- By Jessica DeGore
- In Uncategorized
- July 3, 2019
7 Picnic Packing Tips to Avoid Foodborne Illness This Summer
By Katie Dwyer
The weather is warming up and the days are longer, and that means it’s picnic season. Whether packing up lunch to enjoy in a local park, bring to the beach, or to serve guests in your own backyard barbecue, many al fresco feasts await. But the longer food sits outside, the higher the risk that dangerous bacteria will grow.
After just an hour in the summer heat, bacteria like Staphylococcus aureus, Salmonella, E. coli, and Campylobacter can rapidly multiply to unsafe levels. The CDC estimates that 1 in 6 Americans gets sick with a foodborne illness each year.
The secret is to keep food out of the temperature “danger zone” between 40°F and 140°F — not an easy task on a sunny 90° day. Here are some tips to pack and serve safe picnics this summer:
Pack Perishables in Ice
For your fruits, veggies, guacamole, salsa, and mayo-based salads, fill about a quarter of the cooler with ice or ice packs, and chill foods in the freezer before packing to prolong their time under 40°F. Keep in mind that ice cubes can pick up bacteria from leaking food containers, so if using bagged ice, don’t re-use it. Keep the same foods in the cooler to avoid cross-contamination, and chuck the ice when you’re done.
Handle Raw Meat with Care
If you plan on grilling raw meat, pack it separately from other foods to prevent dripping juices from contaminating other foods. Of course, wrap up the meat as tightly as possible to keep juices from running out in the first place.
As with any time you’re working with raw meat, make sure that any plates and utensils that touch the meat don’t touch anything else.
Keep it Clean
Keep your hands clean – especially after handling raw meat – by packing your own soap, water and towels. At minimum, have hand sanitizer at the ready. It’s a good idea to bring some dish soap as well to wash any cookware, plates and utensils that came in contact with raw meat, again to reduce the likelihood that they will contaminate other materials or foods.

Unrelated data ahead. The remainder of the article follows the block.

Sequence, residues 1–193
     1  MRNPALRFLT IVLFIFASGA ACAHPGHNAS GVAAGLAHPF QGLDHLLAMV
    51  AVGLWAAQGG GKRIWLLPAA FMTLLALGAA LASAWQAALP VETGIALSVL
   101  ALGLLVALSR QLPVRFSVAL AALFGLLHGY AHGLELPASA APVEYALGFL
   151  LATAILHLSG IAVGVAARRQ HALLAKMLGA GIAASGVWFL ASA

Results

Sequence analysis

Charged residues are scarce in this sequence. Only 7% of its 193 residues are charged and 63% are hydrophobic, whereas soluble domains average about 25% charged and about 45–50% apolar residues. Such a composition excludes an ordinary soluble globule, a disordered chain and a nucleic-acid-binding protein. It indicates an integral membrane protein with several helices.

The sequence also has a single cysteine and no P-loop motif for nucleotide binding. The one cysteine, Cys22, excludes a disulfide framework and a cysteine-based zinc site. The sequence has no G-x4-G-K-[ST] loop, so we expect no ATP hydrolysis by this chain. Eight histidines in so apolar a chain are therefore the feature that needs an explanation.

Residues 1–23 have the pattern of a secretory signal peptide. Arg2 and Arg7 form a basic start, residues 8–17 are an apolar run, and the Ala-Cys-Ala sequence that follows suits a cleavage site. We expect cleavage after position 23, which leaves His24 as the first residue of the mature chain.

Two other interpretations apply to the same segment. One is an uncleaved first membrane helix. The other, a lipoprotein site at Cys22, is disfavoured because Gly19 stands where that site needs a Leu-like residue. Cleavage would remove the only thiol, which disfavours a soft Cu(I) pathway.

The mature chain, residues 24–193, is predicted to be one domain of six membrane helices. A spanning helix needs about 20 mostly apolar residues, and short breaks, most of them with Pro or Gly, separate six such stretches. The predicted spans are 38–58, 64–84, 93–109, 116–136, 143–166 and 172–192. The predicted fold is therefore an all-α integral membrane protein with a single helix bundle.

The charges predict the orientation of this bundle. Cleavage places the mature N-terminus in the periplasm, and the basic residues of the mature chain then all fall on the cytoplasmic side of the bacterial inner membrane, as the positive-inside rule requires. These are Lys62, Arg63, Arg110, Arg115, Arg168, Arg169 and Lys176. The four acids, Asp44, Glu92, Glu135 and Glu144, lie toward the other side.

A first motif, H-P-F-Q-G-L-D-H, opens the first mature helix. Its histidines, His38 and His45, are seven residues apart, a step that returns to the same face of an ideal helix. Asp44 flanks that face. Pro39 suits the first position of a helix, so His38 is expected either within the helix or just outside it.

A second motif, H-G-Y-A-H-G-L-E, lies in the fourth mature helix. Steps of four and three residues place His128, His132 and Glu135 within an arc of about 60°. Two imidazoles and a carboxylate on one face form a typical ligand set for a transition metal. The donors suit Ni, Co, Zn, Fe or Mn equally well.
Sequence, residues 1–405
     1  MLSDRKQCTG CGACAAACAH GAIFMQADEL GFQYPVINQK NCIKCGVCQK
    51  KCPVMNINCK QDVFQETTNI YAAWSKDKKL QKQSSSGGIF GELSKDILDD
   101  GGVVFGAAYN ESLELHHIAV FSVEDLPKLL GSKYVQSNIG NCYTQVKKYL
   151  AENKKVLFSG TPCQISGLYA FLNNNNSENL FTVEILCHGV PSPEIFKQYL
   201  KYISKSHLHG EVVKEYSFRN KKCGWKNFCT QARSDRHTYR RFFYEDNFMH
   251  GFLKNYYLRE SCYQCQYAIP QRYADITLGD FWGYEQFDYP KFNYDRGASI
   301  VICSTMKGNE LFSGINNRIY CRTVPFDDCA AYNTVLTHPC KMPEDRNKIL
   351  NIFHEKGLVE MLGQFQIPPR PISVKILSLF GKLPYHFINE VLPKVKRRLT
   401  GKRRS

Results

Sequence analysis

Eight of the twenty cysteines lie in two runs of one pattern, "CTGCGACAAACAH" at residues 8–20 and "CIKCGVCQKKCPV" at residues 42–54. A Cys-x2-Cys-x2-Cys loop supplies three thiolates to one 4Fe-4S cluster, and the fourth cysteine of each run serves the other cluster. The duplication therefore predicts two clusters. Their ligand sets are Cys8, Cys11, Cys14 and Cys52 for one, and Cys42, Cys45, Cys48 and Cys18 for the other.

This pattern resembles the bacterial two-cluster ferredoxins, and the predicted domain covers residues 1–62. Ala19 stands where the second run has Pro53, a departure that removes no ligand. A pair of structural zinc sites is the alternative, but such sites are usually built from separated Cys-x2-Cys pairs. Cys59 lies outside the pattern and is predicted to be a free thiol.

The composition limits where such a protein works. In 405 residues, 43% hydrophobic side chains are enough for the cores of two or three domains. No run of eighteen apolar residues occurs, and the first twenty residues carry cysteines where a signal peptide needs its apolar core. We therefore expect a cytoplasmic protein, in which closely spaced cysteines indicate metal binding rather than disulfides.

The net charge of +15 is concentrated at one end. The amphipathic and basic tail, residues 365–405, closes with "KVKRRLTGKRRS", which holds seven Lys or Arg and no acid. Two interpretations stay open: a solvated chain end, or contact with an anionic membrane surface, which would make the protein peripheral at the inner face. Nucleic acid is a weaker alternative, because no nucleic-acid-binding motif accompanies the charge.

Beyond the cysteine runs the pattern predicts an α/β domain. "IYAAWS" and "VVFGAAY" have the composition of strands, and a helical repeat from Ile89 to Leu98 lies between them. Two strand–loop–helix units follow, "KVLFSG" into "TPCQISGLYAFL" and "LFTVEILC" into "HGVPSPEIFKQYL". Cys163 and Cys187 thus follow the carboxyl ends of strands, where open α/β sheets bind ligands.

Bring a Thermometer
Knowing the temperature danger zone doesn’t do much good without a way to know where your food stands! Pack a meat thermometer to ensure your meats are cooked to a proper internal temperature. Hamburgers should reach 160°F, while chicken breasts and legs must be cooked to 165°F. Steaks should hit 145°F. Make sure to place the thermometer in the thickest part of the meat and away from any bone. For a complete list of safe minimum cooking temps, visit Foodsafety.gov.
Place a thermometer in your cooler as well to make sure your perishables are being kept under the 40°F mark.
Keep the Cooler Closed
Avoid opening up the cooler if you don’t have to. Letting cool air out and hot air in means your food will warm up faster. People will reach for beverages more frequently, so pack beverages in a separate cooler to ensure that your food cooler stays shut.
Time Your Dining
Food can generally sit out for two hours before harmful bacteria starts to proliferate. If the summer heat climbs above 90°F, shorten that to an hour. Put food out when people are ready to eat it, and not before. Set a timer on your phone to remind yourself when it’s time to put food away.
For example, salsa and guacamole can sit out for an hour as people graze before dinner. When the burgers and dogs hit the table, put the apps back in the ice. Once the meal is finished, pack up leftovers right away and then put out your fruit for dessert. Timing it out this way means there’s always something for picnickers to nibble on, without anything being out for more than an hour.
Leftovers will take time to cool back down after being placed in the cooler, and there may still be a window of ideal conditions for bacteria to grow. Try to eliminate the risk altogether by packing just enough food. Losing the leftovers also minimizes food waste.
Katie is a graduate nutrition student at Immaculata University, personal trainer and freelance health and fitness writer. She can be reached at Kathryn.email@example.com.